Chart 2. UK Current Account Balance, as % of GDP
Source: ONS

The UK economy is therefore extremely vulnerable to any decline in an overseas willingness to lend. If this occurs it must be countered by a relative decline in living standards, a forced reduction in expenditure (private or public, Consumption or Investment) and higher interest rates to attract overseas investment, or some combination of these.

There is of course no zero bound on the lending of overseas investors to the UK. Instead of merely reducing their lending and/or demanding a higher interest rate to do so, they may become net sellers of the considerable UK assets they have built up over previous decades, pausing only to pick up some newly cheap assets on the way. The Government’s resumed privatisation programme beginning with its remaining stake in Lloyds Bank might fit this description. But this in turn would cause further structural outflows from the UK economy as the yield on those cheaply-purchased assets flows overseas.
This is the importance of the sharp recent decline in the value of the pound and the rise on the interest rates on Government bonds (gilts). The rise in gilt yields means that taxpayers are forced to increase their interest payments, primarily to attract overseas capital. 

Sharp currency devaluations of this kind effectively reduce the international purchasing power of all income denominated in the domestic currency, in this case pounds. As a result, there will be improvement in the current account and trade balances, as imports become too expensive, some exports rise and the value of the yield on overseas assets increases when converted into pounds.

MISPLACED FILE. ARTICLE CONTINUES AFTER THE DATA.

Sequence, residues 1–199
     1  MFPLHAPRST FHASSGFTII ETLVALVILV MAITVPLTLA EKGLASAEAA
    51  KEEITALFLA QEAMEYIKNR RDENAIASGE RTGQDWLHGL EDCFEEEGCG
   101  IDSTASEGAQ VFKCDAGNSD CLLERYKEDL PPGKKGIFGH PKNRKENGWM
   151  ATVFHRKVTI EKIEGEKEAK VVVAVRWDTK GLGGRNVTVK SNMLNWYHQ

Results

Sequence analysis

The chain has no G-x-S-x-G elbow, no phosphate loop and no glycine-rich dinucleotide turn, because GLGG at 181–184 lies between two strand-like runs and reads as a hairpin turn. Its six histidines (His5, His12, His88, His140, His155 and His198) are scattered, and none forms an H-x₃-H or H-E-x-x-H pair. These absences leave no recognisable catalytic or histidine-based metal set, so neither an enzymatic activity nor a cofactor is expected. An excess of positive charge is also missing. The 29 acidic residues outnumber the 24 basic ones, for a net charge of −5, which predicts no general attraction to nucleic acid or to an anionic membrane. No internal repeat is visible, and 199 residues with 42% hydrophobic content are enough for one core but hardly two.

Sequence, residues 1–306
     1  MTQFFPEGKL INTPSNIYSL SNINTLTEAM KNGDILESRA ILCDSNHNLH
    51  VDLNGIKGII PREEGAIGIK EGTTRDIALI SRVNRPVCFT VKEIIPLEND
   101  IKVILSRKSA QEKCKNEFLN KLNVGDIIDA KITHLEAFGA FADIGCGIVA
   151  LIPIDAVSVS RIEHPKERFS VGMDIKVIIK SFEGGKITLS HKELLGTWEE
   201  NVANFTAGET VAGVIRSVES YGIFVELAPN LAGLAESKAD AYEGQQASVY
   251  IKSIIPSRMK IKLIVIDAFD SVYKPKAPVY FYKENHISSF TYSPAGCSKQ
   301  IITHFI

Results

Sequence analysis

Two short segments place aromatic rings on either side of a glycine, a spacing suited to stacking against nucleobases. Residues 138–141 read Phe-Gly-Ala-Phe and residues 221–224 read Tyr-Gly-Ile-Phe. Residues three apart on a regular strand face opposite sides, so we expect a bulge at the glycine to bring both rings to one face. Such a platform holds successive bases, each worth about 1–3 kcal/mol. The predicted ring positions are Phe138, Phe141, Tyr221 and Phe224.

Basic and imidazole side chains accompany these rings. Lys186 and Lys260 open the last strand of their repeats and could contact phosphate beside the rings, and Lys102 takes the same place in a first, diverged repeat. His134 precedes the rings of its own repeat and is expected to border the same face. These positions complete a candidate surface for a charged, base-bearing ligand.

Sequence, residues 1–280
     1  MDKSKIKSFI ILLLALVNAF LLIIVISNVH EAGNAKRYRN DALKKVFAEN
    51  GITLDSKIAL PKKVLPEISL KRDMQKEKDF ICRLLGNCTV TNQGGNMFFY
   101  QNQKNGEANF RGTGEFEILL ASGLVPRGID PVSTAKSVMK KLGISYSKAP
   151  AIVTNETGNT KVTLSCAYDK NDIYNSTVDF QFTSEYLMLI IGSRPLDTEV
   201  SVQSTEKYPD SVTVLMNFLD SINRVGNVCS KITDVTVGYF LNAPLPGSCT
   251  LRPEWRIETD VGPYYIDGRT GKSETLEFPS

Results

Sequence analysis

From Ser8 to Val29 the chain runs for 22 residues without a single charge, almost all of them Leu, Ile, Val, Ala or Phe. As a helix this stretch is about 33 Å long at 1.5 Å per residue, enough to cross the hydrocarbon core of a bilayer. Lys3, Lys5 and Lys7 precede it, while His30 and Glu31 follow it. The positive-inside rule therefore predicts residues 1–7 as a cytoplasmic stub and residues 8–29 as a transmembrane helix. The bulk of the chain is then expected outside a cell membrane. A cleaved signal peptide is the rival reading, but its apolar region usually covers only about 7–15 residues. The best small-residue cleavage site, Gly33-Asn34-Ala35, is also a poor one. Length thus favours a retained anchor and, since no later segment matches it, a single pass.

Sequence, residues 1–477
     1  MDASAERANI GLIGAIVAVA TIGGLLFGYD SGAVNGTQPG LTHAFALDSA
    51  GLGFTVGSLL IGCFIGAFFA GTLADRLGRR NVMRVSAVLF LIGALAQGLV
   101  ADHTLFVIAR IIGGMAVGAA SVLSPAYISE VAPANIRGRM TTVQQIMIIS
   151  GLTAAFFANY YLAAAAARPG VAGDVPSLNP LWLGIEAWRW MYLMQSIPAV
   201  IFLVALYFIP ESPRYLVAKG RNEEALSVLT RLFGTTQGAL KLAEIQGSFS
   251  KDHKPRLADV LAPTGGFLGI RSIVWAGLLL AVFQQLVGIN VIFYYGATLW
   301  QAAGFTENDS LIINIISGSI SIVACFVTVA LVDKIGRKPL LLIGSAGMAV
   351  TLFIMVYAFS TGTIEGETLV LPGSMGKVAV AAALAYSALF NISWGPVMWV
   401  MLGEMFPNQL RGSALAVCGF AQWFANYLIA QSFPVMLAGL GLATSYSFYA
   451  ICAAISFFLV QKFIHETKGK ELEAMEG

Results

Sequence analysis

But this is in effect an enforced ‘improvement’. In popular phraseology, an economy living beyond its means has been forced to tighten its belt. Net domestic savings are negative, and overseas investors can choose not to lend to the UK economy. The occasion of this is the outcome of the Brexit vote and the Tory leadership’s determination to pursue ‘hard Brexit’.

It should be absolutely clear now to all except the wilfully ignorant that the current crisis actually impoverishes the overwhelming majority. All of these are Brexit effects, even before Brexit happens. The Tory party conference signalled that the priority would be anti-immigration, not pro-growth through the Single Market. Blocking access to the Single Market and attempting to lower immigration will both have the effect of lowering living standards further, even when the pound eventually finds a floor.

The alternative is equally clear. The UK should not leave the Single Market and should embrace its essential component Freedom of Movement as both are decisive for future prosperity. Logically, it would be foolish then to leave the EU which simply means having no influence or vote in future developments and would probably entail a sharply increased Budget contribution. Brexit is making us poorer.